Despite innocuousness when ingested, diacetyl has proven harmfulness upon inhalation. Some employees of manufactures using artificial butter flavoring have been diagnosed with bronchiolitis obliterans, a rare and serious disease of the lungs associated to this compound.
Together with acetylpropionyl, diacetyl is of legal use as a flavoring substance in the European food industry but their use is controversial in e-liquids for their potential harmfulness (Farsalinos et al., 2014).
">Diacetyl, for example, that gives a buttery taste, boils at only 88°C (or 190°F), for acetoin giving the same flavor, it is higher (148°C or 298°F). For the flavor of banana, isoamyl acetate is vaporized at 142°C (or 288°F). Benzaldehyde (cherry taste) boils at 178°C (or 352°F) and cinnamaldehyde (cinnamon taste) at 248°C (478°F). Fruity flavors (ethyl propionate) boils at 99°C (or 210°F), grape (Methyl anthranilate) at 256°C (or 493°F), orange (limonene) at 176°C (or 349°F), Pinnaple (allyl hexanoate) at 190°C (or 374°F), cotton candy (ethyl maltol) at 161°C (or 322°F), menthol at 212°C (or 414°F) and vanilla (vanilline) at 295°C (or 563°F).
 

SteveS45

Diamond Contributor
ECF Refugee
Member For 5 Years
Manufacturers are often tempted to add exhausters in order to better develop certain flavors. They use sweeteners like sugars among which the most common is the saccharose that decomposes at 186°C (or 367°F). Glutamic acid is another popular exhauster (also called glutamate) that decomposes at 199°C (390°F). The reaction between an amine group of the glutamic amino-acid and a reducing sugar leads to the Maillard reaction
The Maillard reaction takes its name from the French physician and chemist, Camille Louis Maillard, who first described, in 1921, the reactions that involve amino acids and sugars. It occurs in a wide range of situation and, for example, is observed when roasting a piece of meat on the barbecue at high temperature or at lower temperature in ageing of wine.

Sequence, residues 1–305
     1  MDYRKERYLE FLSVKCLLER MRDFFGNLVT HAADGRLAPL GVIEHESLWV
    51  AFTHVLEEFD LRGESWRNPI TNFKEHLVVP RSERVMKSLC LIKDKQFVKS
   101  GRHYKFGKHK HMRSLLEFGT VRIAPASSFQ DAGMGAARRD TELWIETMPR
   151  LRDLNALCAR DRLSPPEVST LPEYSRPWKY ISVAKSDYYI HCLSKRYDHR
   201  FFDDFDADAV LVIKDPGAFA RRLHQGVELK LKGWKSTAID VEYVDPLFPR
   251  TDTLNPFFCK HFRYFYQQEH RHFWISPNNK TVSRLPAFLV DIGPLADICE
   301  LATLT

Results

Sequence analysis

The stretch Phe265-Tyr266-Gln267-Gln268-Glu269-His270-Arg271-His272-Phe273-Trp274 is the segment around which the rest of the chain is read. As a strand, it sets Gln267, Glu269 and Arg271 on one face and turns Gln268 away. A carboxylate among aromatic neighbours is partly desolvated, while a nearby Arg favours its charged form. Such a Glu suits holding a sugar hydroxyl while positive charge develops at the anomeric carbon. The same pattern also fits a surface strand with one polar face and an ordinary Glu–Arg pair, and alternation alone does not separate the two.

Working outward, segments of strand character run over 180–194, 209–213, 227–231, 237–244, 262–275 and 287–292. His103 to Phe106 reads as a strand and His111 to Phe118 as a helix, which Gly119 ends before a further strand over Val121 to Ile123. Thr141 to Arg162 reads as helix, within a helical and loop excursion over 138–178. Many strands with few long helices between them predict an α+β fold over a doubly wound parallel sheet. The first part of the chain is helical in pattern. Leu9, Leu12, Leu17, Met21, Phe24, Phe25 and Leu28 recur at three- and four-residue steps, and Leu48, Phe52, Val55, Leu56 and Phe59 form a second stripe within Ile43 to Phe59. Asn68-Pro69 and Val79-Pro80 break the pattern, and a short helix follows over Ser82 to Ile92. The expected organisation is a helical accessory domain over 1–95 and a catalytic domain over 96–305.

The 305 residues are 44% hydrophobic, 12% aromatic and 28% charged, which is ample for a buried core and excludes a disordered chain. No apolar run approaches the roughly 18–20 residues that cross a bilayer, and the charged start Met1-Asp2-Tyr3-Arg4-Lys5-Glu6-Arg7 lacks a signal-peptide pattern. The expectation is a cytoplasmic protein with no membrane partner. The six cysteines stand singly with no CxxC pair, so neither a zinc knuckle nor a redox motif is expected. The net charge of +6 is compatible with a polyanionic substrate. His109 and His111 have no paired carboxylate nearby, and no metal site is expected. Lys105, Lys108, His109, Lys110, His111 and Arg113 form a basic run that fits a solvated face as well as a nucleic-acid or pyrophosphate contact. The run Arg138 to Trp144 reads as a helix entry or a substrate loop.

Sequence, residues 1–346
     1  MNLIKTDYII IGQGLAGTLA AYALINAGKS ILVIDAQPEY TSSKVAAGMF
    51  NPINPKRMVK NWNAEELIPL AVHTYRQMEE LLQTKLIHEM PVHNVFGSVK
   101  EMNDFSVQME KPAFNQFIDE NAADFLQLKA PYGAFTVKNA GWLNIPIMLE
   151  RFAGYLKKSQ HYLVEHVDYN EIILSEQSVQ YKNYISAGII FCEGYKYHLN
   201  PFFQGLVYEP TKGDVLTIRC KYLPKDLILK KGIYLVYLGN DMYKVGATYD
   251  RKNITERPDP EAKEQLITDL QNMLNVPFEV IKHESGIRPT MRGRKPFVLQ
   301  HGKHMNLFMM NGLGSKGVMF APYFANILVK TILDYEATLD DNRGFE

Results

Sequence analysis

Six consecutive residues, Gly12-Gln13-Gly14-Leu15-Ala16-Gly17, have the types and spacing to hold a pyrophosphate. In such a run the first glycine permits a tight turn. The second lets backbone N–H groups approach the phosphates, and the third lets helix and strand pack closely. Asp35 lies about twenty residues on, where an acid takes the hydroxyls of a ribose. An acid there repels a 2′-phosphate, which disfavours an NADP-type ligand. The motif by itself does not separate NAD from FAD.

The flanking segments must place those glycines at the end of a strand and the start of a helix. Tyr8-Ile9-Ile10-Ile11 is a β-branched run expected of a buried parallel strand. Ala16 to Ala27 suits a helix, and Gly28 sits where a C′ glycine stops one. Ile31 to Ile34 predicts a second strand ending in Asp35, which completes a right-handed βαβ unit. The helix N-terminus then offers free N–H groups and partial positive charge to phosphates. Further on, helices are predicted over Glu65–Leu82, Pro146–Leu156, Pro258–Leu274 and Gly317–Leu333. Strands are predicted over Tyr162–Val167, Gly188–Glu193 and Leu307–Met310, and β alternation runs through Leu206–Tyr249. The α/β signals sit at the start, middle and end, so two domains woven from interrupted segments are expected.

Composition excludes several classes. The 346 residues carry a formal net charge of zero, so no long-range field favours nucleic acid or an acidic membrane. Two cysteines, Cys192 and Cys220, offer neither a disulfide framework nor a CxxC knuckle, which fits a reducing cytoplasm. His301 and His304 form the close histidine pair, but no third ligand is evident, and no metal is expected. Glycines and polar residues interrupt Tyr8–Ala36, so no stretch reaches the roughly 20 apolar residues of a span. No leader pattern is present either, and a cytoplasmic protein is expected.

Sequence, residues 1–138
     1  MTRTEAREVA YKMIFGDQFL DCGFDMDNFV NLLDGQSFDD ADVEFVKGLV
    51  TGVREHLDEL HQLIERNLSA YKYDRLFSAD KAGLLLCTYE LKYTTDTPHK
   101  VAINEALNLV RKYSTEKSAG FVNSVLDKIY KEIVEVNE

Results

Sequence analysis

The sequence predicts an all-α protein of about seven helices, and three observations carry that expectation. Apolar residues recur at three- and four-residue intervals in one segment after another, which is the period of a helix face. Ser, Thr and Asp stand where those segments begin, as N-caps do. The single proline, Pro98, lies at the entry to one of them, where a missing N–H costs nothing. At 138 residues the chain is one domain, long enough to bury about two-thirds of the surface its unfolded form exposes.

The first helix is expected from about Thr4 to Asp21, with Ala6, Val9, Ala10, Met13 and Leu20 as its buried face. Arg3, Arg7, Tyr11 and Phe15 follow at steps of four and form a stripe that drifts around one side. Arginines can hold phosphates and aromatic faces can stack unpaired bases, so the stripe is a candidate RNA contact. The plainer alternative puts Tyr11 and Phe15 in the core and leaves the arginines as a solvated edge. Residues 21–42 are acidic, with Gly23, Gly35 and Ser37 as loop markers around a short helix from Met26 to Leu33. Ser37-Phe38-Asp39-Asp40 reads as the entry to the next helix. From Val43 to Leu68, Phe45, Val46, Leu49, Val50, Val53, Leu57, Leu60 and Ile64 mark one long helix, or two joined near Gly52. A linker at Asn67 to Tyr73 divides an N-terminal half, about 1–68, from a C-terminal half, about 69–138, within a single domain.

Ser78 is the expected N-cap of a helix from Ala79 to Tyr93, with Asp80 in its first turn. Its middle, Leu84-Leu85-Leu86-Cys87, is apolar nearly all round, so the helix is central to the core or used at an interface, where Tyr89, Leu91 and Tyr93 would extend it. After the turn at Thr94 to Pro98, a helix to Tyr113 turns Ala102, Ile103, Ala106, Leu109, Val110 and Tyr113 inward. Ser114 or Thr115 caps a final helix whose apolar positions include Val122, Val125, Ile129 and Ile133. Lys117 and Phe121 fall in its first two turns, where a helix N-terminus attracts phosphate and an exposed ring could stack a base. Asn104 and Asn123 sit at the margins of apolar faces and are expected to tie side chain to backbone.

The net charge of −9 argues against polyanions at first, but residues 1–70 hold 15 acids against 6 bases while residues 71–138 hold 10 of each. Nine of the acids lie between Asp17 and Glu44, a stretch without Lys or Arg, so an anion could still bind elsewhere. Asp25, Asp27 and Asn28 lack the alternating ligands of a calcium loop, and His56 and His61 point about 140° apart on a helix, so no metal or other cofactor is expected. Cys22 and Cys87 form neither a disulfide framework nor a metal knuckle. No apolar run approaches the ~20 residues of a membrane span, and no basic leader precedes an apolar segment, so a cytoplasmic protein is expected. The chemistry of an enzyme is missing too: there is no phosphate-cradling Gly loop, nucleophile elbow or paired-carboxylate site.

Browning and the Maillard reaction
Browning and the Maillard reaction co-occur in samples, the browning being rather attributed to the effect of pH on the sugars [1]. The Maillard reaction rather takes place in alkaline solutions.
In e-liquids left steeping
The Maillard reaction is observed when aliments become brownish when cooking and render the typical odors of cooking like roasted meat, brown onions, bread, caramel...
The Maillard reaction and browning likely happen also in e-liquids left steeping for a long time. From transparent, a liquid turns golden then brown even in the absence of light and at room temperature. Depending on the flavors added, the browning may or may not occur. The presence of nicotine (that becomes brown for other reasons) tends to accelerate the overall browning of the blend.
From a chemical point of view, a carbonyl group of the sugar reacts with a nucleophilic amino group of the amino acid and forms a mixture of uncharacterized molecules responsible for a range of odors and flavors spanning from smoothly roasted to completely carbonized food.
By-products of the Maillard reaction
By-products of the Maillard reaction include glycosylamines, ketosamines, acetyl-, diacetyl and a wide diversity of aldehydes. Generally occurring around 140°C to 165°C (285°F to 330°F), other products are formed at higher temperature, among which acrylamide, a carcinogen that is also present in cigarette smoke.

[1] Schroeder, L. J., Iacobellis, M., & Smith, A. H. (1955). The influence of water and pH on the reaction between amino compounds and carbohydrates. Journal of Biological Chemistry, 212(2), 973-984.">Maillard reaction